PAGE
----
Experts also are skeptical that the FCC will yank WNEW's operating license.
They said the station's quick termination of Hughes and Cumia would placate
regulators, though it was done more for business reasons than wanting to uphold
"It's shocking on the one hand that this happened, but on some level it's
also all too familiar," said Mark Crispin Miller, a media studies professor at
New York University. "This is the product of a struggling media cartel. They
will do whatever it takes to get an audience and if you stoop low enough, you
will get that immediate payoff," he said.
Miller and others attribute talk radio's growing reliance on material that
pushes the boundaries of decency, such as skits about sex with animals or
children, to the widespread buying and selling of stations. This merger mania -
made easier by the 1996 Telecommunications Act - created a few conglomerates
saddled with huge debts that require more advertising dollars. These only can
be gotten with larger audiences.
Radio has come a long way since the days of comedian George Carlin, whose
famous monologue on "the seven words you can't say" on the airwavesbecame a
cultural touchstone in the 1970s.
Miller puts the blame on the stations, not the listeners. "The coarsening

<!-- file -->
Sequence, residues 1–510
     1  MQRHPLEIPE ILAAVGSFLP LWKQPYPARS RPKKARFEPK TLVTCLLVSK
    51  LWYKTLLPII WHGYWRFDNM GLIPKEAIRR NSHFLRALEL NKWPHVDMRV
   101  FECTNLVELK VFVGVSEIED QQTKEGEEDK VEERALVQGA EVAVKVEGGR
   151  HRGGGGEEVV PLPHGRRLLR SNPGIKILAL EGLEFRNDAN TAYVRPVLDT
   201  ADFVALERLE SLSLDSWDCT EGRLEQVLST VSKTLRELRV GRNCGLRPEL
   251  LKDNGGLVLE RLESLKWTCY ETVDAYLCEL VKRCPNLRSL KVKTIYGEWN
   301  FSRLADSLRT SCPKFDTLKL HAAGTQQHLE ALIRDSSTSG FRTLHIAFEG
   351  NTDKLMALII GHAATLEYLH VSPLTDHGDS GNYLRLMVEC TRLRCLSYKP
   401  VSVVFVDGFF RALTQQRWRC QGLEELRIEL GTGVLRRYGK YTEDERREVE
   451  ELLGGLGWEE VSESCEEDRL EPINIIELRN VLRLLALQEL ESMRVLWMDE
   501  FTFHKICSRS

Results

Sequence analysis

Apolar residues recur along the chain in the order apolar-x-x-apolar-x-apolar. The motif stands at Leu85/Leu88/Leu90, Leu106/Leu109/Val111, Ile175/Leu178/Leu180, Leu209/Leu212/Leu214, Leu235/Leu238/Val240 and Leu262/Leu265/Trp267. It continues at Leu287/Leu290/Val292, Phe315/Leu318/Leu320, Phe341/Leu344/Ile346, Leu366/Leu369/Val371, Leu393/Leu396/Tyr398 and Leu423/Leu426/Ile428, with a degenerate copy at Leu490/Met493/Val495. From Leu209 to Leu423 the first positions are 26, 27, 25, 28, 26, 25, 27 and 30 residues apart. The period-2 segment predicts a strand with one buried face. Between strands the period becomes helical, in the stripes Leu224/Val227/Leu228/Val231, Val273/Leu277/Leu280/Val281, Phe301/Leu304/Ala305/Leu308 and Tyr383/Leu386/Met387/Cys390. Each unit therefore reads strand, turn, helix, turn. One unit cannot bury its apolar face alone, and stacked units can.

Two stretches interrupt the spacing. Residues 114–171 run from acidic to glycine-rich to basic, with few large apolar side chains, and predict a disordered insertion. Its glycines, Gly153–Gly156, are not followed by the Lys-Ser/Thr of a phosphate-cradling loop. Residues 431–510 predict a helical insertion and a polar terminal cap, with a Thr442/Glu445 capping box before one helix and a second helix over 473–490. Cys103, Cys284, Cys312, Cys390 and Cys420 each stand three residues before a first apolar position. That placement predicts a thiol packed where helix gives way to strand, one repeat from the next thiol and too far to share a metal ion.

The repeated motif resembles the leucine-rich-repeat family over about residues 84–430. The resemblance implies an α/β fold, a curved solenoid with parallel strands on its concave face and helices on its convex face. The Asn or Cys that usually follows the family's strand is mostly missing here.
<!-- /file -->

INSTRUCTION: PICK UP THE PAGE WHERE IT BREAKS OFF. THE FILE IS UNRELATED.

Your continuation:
of mass culture is economically driven. This shouldn't be attributed to
depraved audiences," he said.
The consolidation of 12,000 radio stations into the hands of a few
corporations, such as Infinity owner Viacom Inc., also has led to the false
perception that shock jocks are pervasive and wildly successful. But some
industry observers contend that the growth of irreverent talk shows has
stalled, and perhaps even reversed.
There are plenty of reasons for this, and certainly one has to do with the
ever-changing definition of what is "shocking" in talk radio.
Don Imus, considered a founding father of the genre, now is downright
respectable - an elder statesman whose only shocking characteristic, perhaps,
is his haircut.
Howard Stern spent a decade shocking listeners - or at least listeners at
the FCC, which levied fine after fine - but even he seems to have mellowed in
advanced middle age.
And what about "Bubba the Love Sponge" Clem, who went to trial (and was
acquitted) for broadcasting the slaughter of a boar in a Tampa, Fla., parking
lot? No trials, or controversies, for him recently either.
One industry executive who asked not to be named said, "If anything, the